BufferedReader reader = new BufferedReader(new InputStreamReader(is));  
    String json = "";
    String line = "";   
    while (line != null) {
        json += line;
        line = reader.readLine();
    //Do something with the read-in data within the json variable.
catch (IOException e) {
    throw new RuntimeException("Unable to read in file.");

Inspecting Task Queue Logs

Here’s a sample view of a request from the Task Queue service. The log includes the name of the queue (in this case default), the task’s name (the long number starting with 1636460), and the instance that handled the request (the blue text on the bottom).

An important note: a quick and easy way to figure out if a request comes from the Task Queue is to look at the request’s IP address. All Task Queue requests come from the IP

Generating MD5 Hashes In Java

Web applications frequently need to generate hashes for comparing data, verifying file integrity, generating keys, etc. If your application uses the Apache Commons libraries, you can use the included DigestUtils convenience class to create hashes. If you don’t use the Apache libraries, then you need an alternate way to generate MD5 hashes.

The below code snippet is a simple function that generates a MD5 hash from a given string. It’s simple to use: simply pass the string to be hashed into the function (to_be_md5), and the hash is returned. This function will throw a RuntimeException if an error is encountered (for example, if the passed-in String is null).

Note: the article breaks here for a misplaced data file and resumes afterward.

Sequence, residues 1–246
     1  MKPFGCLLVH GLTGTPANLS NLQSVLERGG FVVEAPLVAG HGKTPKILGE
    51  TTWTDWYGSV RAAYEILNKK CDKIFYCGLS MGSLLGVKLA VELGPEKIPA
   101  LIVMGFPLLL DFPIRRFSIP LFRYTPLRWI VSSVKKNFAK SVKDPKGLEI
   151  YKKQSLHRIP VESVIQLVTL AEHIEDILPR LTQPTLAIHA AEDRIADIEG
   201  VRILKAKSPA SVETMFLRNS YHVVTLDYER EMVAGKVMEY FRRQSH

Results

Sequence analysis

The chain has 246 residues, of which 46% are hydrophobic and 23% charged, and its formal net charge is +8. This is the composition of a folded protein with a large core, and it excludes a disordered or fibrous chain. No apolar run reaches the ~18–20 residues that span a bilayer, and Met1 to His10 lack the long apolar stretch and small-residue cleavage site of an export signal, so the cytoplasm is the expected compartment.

* Calculate a MD5 hash from the provided String. If the 
 * provided String is null, this method will throw a 
 * RuntimeException.
 * @param to_be_md5 A String to calculate a MD5 hash from.
 * @return A MD5 hash calculated from the provided String.
 * @throws RuntimeException If an error was encountered during calculating.
public static String generateMD5(String to_be_md5) {
    String md5_sum = "";
    //If the provided String is null, then throw an Exception.
    if (to_be_md5 == null) {
        throw new RuntimeException("There is no string to calculate a MD5 hash from.");
    try {
        MessageDigest md = MessageDigest.getInstance("MD5");
        byte[] array = md.digest(to_be_md5.getBytes("UTF-8"));
        StringBuffer collector = new StringBuffer();
        for (int i = 0; i < array.length; ++i) {
            collector.append(Integer.toHexString((array[i] & 0xFF) | 0x100).substring(1, 3));
        md5_sum = collector.toString();
    }//end try
    catch (NoSuchAlgorithmException e) {
        throw new RuntimeException("Could not find a MD5 instance: " + e.getMessage());
    catch (UnsupportedEncodingException e) {
        throw new RuntimeException("Could not translate UTF-8: " + e.getMessage());
    return md5_sum;
}//end generateMD5

Don’t forget to import the following classes:


Retrieving All Recently Created Entities